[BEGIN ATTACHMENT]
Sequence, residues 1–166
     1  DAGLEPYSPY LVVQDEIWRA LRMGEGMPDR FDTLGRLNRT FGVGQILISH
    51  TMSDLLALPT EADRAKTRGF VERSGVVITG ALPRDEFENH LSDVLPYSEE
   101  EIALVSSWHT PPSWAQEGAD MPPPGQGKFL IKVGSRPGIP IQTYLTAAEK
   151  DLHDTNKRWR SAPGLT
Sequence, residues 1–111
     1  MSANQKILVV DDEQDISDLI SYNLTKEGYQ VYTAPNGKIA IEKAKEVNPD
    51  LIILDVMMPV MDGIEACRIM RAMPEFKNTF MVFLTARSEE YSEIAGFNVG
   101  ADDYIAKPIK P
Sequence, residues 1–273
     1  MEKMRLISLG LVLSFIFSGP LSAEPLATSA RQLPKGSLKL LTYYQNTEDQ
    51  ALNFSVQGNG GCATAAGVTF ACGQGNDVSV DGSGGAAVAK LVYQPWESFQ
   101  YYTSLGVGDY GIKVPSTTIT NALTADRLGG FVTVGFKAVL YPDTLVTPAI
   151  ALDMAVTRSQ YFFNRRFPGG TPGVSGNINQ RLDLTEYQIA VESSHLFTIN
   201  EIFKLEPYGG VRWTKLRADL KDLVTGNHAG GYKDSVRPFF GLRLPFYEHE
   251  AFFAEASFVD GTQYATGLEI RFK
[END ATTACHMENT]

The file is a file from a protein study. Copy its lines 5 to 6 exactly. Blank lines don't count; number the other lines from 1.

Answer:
   151  DLHDTNKRWR SAPGLT
Sequence, residues 1–111